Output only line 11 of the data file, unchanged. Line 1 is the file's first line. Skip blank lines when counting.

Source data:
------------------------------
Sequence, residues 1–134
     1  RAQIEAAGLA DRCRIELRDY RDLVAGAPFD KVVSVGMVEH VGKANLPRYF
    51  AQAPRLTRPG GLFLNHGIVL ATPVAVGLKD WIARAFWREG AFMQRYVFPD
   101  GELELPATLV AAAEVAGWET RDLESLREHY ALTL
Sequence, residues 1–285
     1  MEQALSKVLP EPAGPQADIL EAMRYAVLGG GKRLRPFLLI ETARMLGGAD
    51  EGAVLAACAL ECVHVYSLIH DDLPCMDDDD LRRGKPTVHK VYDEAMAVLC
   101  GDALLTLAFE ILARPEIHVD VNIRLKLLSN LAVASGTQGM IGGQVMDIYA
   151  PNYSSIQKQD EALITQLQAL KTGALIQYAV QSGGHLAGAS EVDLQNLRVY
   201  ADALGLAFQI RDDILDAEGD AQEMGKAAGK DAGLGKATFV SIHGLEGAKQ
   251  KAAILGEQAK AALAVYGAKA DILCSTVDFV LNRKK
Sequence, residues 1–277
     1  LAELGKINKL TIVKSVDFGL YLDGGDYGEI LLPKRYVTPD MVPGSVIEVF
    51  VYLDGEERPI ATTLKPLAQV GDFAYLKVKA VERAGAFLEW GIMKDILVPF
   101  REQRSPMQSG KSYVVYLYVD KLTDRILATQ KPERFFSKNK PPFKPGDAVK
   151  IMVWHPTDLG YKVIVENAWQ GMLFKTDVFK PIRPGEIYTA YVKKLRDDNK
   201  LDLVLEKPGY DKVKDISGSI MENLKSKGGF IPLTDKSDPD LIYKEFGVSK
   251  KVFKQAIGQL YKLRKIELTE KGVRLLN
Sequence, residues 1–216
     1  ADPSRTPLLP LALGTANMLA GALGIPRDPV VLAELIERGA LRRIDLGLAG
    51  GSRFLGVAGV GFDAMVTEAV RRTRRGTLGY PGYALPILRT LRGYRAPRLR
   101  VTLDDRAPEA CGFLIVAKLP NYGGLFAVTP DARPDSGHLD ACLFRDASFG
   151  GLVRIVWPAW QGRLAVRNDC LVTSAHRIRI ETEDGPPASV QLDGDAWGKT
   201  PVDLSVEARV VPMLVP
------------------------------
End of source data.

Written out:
   251  KAAILGEQAK AALAVYGAKA DILCSTVDFV LNRKK